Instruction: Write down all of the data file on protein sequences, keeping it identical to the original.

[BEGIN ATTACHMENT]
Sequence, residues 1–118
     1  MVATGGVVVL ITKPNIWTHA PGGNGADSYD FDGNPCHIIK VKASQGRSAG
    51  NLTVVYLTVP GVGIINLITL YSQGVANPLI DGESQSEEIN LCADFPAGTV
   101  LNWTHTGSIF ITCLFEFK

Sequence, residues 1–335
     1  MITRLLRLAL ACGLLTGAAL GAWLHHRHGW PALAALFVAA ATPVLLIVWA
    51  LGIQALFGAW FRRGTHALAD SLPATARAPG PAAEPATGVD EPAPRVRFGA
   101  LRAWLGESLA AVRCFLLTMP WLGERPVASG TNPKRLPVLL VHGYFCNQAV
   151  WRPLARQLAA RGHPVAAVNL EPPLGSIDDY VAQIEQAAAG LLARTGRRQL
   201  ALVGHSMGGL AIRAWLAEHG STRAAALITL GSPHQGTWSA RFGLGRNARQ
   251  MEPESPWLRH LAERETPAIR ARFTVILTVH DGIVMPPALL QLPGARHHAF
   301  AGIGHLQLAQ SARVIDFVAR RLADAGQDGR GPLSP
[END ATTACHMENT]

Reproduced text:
Sequence, residues 1–118
     1  MVATGGVVVL ITKPNIWTHA PGGNGADSYD FDGNPCHIIK VKASQGRSAG
    51  NLTVVYLTVP GVGIINLITL YSQGVANPLI DGESQSEEIN LCADFPAGTV
   101  LNWTHTGSIF ITCLFEFK

Sequence, residues 1–335
     1  MITRLLRLAL ACGLLTGAAL GAWLHHRHGW PALAALFVAA ATPVLLIVWA
    51  LGIQALFGAW FRRGTHALAD SLPATARAPG PAAEPATGVD EPAPRVRFGA
   101  LRAWLGESLA AVRCFLLTMP WLGERPVASG TNPKRLPVLL VHGYFCNQAV
   151  WRPLARQLAA RGHPVAAVNL EPPLGSIDDY VAQIEQAAAG LLARTGRRQL
   201  ALVGHSMGGL AIRAWLAEHG STRAAALITL GSPHQGTWSA RFGLGRNARQ
   251  MEPESPWLRH LAERETPAIR ARFTVILTVH DGIVMPPALL QLPGARHHAF
   301  AGIGHLQLAQ SARVIDFVAR RLADAGQDGR GPLSP